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15 Minutes with Duolan Li

Wednesday, May 27, 2015



Photographs by (Duolan Li) Rachel Doblin & courtesy of (Ghee clarified butter) Purity Farms/Organic Valley, (pottery) Cone 10 Studios, (toner) Thayers, & (moisture meter) Luster Leaf Products




May 27, 2015

15 Minutes with Duolan Li


If you’ve ever feasted at Xiao Bao Biscuit, you’ve probably witnessed co-owner Duolan Li working the floor with a smile. Read on to learn more about this down-to-earth gal and get the scoop on some of her favorite people, places, and things




written by Allston McCrady

CM: Earlier in your career, you worked in finance in New York City. How’d you wind up in Charleston running a restaurant?
DL:
My husband [Josh Walker] and I met while living in New York in our twenties, but we were ready for a change when we got married. We quit our jobs and traveled in Asia for seven months. After our travels, we settled outside of Charleston, where Josh has family ties, then decided to move downtown when the idea of Xiao Bao Biscuit took hold.

CM: Xiao Bao Biscuit (XBB) is located in a former gas station. How did you use that history to foster the restaurant’s unique ambiance?
DL:
In terms of renovating and decorating, we took a less-is-more approach. We loved the intrinsic feel of the building and wanted to preserve that while invoking the spirit of places we’ve seen through traveling. A lot of the décor is very personal to me, as it speaks to a China that I remember but that no longer exists. You can see remnants from my childhood—vintage thermoses, photos, tin cookie jars.

CM: Did you grow up in China?
DL:
I’m ethnically Mongolian but was born in China and came to the States when I was six. I grew up eating mostly home-cooked northern Chinese food: simple stir fries, congee, steamed buns, noodle soups. I went through a period in my teens when I hated eating rice, which concerned my parents because in Chinese culture, everything is served with a side of rice. That obviously didn’t last.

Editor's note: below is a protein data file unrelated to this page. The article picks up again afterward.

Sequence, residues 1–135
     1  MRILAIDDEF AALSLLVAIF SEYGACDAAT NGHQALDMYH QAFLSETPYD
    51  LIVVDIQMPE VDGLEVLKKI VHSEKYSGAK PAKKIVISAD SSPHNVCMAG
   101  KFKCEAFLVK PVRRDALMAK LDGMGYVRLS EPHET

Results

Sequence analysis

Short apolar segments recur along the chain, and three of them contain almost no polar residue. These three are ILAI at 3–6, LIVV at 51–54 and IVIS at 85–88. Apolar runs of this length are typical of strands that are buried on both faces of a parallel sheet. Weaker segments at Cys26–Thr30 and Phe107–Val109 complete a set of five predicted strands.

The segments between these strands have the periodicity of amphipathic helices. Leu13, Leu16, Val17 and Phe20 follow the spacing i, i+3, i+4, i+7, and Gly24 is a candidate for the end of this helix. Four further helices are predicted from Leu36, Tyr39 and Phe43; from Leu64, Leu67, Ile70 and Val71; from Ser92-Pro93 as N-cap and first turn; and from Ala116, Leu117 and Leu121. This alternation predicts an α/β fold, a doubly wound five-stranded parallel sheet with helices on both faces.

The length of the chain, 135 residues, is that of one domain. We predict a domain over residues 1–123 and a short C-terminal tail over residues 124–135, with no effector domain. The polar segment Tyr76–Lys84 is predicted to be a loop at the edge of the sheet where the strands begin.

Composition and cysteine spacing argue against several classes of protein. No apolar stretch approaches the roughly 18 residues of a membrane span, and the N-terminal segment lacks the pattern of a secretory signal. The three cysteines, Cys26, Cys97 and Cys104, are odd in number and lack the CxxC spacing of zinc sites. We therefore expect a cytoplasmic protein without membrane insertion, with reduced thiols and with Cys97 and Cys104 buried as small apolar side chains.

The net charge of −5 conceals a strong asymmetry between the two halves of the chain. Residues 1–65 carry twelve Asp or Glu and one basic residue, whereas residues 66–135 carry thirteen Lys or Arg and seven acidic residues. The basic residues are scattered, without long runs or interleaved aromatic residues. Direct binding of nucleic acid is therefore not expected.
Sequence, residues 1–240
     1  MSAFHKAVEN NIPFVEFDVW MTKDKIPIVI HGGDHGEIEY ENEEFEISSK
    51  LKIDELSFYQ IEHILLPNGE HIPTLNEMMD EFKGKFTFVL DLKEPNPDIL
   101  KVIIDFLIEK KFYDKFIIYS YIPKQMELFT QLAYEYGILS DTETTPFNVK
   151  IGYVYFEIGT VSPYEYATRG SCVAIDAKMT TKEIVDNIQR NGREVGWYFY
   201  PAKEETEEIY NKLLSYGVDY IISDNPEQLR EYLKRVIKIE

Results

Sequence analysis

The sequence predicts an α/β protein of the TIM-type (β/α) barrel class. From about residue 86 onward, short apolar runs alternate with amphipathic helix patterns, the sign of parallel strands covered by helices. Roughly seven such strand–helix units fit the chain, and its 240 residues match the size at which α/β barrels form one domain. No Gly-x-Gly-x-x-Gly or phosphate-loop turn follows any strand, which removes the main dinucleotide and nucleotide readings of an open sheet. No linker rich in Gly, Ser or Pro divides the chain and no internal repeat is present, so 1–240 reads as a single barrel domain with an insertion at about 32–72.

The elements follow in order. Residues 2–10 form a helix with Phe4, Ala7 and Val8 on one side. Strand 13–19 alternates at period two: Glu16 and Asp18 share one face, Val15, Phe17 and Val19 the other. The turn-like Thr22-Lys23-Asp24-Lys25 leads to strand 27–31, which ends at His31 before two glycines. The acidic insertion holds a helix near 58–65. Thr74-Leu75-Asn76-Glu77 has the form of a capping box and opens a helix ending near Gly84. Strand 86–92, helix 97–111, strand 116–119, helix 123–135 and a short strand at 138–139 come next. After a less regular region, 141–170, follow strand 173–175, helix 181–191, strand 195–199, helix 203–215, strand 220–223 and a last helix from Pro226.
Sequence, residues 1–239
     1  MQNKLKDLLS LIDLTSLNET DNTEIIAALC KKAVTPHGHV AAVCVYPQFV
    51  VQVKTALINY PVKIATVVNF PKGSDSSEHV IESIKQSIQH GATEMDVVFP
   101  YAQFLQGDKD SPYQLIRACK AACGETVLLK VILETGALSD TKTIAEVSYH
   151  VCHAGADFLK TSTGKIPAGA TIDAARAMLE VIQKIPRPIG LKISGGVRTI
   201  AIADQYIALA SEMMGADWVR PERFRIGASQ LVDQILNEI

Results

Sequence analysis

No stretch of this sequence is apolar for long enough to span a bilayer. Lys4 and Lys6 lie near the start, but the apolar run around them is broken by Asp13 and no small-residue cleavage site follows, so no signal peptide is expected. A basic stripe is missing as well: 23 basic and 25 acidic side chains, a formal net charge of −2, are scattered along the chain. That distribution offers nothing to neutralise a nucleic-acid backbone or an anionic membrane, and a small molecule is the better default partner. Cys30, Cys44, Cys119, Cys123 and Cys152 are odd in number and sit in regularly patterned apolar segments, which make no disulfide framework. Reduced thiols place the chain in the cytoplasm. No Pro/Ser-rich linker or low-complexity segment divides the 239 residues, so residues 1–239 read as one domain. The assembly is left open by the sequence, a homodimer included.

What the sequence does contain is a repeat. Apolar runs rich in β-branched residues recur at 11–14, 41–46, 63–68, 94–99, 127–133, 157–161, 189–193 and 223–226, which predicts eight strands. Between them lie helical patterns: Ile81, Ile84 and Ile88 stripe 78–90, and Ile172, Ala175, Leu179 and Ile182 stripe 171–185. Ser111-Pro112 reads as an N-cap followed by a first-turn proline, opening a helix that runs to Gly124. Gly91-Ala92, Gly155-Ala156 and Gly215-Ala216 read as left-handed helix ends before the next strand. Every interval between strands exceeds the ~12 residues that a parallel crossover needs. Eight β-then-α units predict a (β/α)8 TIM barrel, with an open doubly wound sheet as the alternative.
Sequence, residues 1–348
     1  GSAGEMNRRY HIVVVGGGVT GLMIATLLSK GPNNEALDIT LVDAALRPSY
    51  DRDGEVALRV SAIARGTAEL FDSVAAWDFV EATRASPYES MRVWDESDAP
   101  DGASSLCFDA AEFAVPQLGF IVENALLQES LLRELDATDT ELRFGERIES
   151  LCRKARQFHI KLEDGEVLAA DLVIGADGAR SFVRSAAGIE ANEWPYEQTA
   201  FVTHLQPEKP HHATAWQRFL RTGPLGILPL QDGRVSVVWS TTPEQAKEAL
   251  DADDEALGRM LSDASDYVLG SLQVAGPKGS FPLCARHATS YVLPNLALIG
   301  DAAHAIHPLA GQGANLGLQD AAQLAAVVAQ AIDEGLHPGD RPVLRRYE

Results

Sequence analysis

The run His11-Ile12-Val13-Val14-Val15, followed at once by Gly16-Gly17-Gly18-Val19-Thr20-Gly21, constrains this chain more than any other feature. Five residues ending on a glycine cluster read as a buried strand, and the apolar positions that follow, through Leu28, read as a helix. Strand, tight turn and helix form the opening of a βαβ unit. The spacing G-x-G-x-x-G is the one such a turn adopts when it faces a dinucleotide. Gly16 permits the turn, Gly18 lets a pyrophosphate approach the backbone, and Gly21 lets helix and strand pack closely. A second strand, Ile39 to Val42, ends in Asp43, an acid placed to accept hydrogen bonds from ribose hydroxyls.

CM: We’ve often spotted you gardening outside the restaurant in your sun hat. How’d you get your green thumb?
DL:
I didn’t start until we opened XBB. We wanted plants to soften the brick-and-cement elements of the building and create understated warmth. Gardening can be quite expensive, so I took my time and learned through trial and error. But these days, Matt Skinner—a former XBB employee who now runs his own landscaping company—actually does the bulk of it for us.




CM: You’re frequently out on the floor as a hostess. How does this fit into your work philosophy?
DL:
I’m used to family-run restaurants, where the owner is omnipresent. You lead by example. For us, it’s important to take pride in everything we do, and it’s also our job to make people happy. No task is too small. Hard work is its own reward.

CM: What’s it like to run a business with your husband?
DL:
We’re best friends, partners in crime, so we do well with spending a lot of time together. We’re also comfortable enough to always be honest. Josh cooks, and I play the critic. I’m there to provide perspective.

CM: Do you and Josh have any home cooking traditions?
DL:
We’ve always made dumplings during the Lunar New Year. Before Josh started cooking Asian food, I taught him to roll dumplings. It’s something we brought to XBB; we always have made-from-scratch dumplings on the menu.

CM: You’ve got some pretty fierce style—we recently saw you rocking bleached tips and a denim jumper. Where do you shop?
DL:
I like Worthwhile and Madewell on King Street and the thrift store next to H&L Asian Market on Rivers Avenue in North Charleston. It’s hard for me to pin down my style. I’m a little all over the place, but I have a lot of fun with it.

CM: What’s on XBB’s playlist?
DL:
We’re into Body Language, a group based out of Brooklyn. We even took the staff on a field trip a couple years ago to see them play in Raleigh. Their music makes me happy and when I hear it, I can’t help but want to dance.

Five of Li's Favorite Things:


Ghee Clarified Butter: “I grew up using clarified butter. In the mornings, I spread it on toast with salt or jam,” she says. Whole Foods, $12

Cone 10 Studios: Li takes classes at the downtown ceramics studio, where she also buys gifts such as this locally made sake set. cone10studios.com

Her Hair Stylist: “My favorite hairdresser, Jamie Dorothy Ellis, just opened The Beacon, her own salon,” notes Li. thebeacon139.com

Rapitest Moisture Meter: To avoid over-watering plants, she tests water levels with the handy tool. Hyams Garden Center, $15

Thayers Alcohol-Free Witch Hazel Toner: She explains, “With its light rose scent, it’s refreshing during our humid summers.” Whole Foods, $10

For more articles on eating and drinking in Charleston, click here.

For a tempting peek at Xiao Bao Biscuit’s menu, click here.